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Cover Story

No child left alone: Volunteers mentor children of inmates

With 2.3 million inmates behind bars in the US, the goal of volunteers in mentor programs for the 2.7 million children of prisoners is: No child left alone. Despite government cuts in funding, the programs continue.

By G. Jeffrey MacDonaldCorrespondent / March 25, 2012

Despite government funding cuts, volunteers who mentor children of inmates – like Nala Booze (right, with her mentor, Beaula McCoy) – have been able to continue their outreach goal: No child left alone.This article is part of the cover project in the March 26 issue of The Christian Science Monitor weekly magazine.

Ann Hermes / Staff

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New Orleans

Kayla Booze was a happy 9-year-old who loved art projects and was an A-student in elementary school – before the police came for her father.

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Kayla's childhood sunshine was eclipsed when her dad was convicted in 2005 of murder for shooting a man in a barbershop fight and sentenced to life in a Mississippi federal prison. Kayla grew guarded and angry, says Brandy Booze, Kayla's mother, who was left to raise three daughters on her own as a part-time retail saleswoman. Faltering grades and disinterest put the child at risk of dropping out of New Orleans schools.

It was a familiar spiral for kids like Kayla and her two younger sisters, who belong to a little-known American population that is highly vulnerable and mostly invisible: the children left behind by the US inmate population of 2.3 million. There are an estimated 2.7 million children with a parent behind bars, according to a Pew Center on the States report. And that's up from 950,000 in 1987 when 1 out of every 125 kids had a parent in jail or prison; today it's 1 in 28. Among African-American children, it's 1 in 9.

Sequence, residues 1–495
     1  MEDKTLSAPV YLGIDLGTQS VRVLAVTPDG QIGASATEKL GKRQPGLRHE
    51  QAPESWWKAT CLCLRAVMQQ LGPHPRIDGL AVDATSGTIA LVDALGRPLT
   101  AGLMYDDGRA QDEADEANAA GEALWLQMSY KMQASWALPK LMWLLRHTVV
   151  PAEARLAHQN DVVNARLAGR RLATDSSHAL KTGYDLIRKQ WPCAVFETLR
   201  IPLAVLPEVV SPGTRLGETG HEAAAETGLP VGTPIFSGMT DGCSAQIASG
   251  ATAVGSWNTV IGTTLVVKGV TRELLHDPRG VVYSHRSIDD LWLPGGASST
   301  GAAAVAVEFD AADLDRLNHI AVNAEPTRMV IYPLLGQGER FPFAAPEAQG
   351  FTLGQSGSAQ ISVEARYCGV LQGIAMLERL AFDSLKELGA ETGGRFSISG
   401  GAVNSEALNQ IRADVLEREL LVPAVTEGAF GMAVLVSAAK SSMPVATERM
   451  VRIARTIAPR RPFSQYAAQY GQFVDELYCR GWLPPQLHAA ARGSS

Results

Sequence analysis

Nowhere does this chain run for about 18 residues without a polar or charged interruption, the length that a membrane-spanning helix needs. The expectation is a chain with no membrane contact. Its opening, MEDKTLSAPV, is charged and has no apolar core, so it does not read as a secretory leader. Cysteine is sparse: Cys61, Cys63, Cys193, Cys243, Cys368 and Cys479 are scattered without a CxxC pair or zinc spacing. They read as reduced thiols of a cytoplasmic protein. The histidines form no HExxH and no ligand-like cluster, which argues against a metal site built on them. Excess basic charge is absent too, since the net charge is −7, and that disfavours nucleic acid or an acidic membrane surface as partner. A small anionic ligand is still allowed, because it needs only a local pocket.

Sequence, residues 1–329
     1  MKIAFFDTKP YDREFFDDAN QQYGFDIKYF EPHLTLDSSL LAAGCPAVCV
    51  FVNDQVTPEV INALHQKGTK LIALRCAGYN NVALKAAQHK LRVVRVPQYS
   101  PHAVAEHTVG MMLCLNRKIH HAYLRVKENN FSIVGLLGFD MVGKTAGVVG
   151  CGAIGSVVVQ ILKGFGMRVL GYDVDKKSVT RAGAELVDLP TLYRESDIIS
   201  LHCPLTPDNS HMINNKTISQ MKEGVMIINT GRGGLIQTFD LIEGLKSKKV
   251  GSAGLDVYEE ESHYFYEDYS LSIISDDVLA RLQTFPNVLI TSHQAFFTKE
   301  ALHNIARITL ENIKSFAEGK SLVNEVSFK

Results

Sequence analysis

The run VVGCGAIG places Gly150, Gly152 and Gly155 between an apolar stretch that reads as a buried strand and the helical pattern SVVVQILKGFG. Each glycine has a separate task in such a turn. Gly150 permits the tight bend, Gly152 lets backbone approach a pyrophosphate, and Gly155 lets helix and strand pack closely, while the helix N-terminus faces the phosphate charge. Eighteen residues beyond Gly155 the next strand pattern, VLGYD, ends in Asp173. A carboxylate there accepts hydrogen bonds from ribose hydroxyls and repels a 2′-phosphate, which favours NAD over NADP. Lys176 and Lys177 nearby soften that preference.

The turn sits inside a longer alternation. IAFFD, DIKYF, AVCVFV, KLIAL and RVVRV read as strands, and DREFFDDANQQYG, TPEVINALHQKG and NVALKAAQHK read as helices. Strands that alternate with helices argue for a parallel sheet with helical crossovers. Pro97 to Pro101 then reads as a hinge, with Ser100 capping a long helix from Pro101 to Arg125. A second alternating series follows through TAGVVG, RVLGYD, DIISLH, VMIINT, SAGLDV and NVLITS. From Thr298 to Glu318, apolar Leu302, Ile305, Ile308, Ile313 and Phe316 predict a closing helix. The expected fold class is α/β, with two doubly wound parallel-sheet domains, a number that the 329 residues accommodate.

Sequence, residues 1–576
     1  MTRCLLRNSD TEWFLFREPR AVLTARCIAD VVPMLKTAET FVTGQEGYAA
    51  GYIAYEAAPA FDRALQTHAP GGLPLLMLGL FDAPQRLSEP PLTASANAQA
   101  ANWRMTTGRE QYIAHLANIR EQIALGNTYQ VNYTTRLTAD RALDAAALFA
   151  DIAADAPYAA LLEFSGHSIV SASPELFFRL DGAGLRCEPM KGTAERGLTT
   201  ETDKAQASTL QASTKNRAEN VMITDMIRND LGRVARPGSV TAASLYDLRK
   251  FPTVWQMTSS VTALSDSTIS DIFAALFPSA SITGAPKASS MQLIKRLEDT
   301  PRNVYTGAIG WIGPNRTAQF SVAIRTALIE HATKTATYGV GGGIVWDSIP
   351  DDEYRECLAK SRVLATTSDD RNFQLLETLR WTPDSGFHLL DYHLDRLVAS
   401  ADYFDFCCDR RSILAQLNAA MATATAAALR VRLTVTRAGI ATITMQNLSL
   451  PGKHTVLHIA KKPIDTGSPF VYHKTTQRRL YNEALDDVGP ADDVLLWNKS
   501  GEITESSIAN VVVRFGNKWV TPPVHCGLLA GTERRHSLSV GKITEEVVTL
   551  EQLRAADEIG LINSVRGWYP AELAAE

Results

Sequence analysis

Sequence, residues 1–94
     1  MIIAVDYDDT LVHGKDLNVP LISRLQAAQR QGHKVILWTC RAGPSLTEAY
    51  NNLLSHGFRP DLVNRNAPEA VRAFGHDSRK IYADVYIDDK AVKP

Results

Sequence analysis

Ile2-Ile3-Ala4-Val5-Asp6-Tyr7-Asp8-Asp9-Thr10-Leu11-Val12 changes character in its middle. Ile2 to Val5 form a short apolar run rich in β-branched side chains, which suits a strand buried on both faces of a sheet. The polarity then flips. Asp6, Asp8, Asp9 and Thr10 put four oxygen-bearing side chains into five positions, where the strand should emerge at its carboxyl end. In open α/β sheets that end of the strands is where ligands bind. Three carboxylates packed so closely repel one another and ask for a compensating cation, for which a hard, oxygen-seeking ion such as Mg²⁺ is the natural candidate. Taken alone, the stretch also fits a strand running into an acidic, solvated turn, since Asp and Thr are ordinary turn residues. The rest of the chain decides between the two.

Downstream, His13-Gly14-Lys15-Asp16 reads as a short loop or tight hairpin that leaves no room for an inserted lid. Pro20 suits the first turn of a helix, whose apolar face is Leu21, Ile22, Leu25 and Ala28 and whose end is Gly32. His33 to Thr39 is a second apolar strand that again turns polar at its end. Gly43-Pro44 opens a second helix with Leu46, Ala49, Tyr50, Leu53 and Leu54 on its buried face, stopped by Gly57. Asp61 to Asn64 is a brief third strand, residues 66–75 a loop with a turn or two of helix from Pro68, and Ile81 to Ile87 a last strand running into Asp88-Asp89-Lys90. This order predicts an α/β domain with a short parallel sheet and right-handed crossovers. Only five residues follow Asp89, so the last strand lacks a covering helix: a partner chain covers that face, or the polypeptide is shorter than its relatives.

The strains and shame of parental incarceration compound other childhood challenges, from poverty to an unstable home life. So these children are more at risk than others of ending up in prison themselves.

But Kayla, now 17, was detoured from that route and is making decent grades in high school. She's teaching herself piano and preparing for college and a career in fashion design.

A key factor in her turnaround: Her mother hasn't been alone in guiding the kids. Kayla has a mentor – Brenda Williams – who meets her every two weeks for an outing to church, a meal, or a stroll in a park. So when a principal called a meeting to discuss poor grades last year, at the table with Mom was Ms. Williams, who was matched with Kayla in 2009 through a federal faith-based initiative called Mentoring Children of Prisoners (MCP).

Williams's role in Kayla's life, says the teen, "motivated me because it was more than [just my mother] telling me that I had to do what I had to do. [My mentor] wants to see me succeed, to write books, and have that fashion line. But I can't do that if I don't graduate...."

The MCP support system that brought Kayla and Williams together was a $49 million annual program that, between 2003 and last September, paired more than 100,000 children of prisoners with volunteer mentors. A legacy of the George W. Bush administration's faith-based initiative that aimed to deliver a larger share of social services through religious organizations, MCP steered money to agencies, some faith-based and some not, to partner with churches and other organizations in recruiting and training mentors.

But the program came to an abrupt end because of federal budget cuts last September.

At the time, advocates for the program said mentors would soon stop meeting with their mentees. "In big cities, you're going to see less and less mentoring because there's not federal money to support it," predicted Beth Lovell, director of family strengthening for Volunteers of America, a faith-based group and MCP grantee. "Where there's federal money, that's what people will move to. It's just business."

But a six-month Monitor investigation of the former MCP projects found that mentoring has not withered.

More than a dozen agencies nationwide report that most of the MCP matches continue to meet and receive staff support when occasional problems arise. Reporting on the ground in four cities found relationships to be resilient despite tough circumstances.

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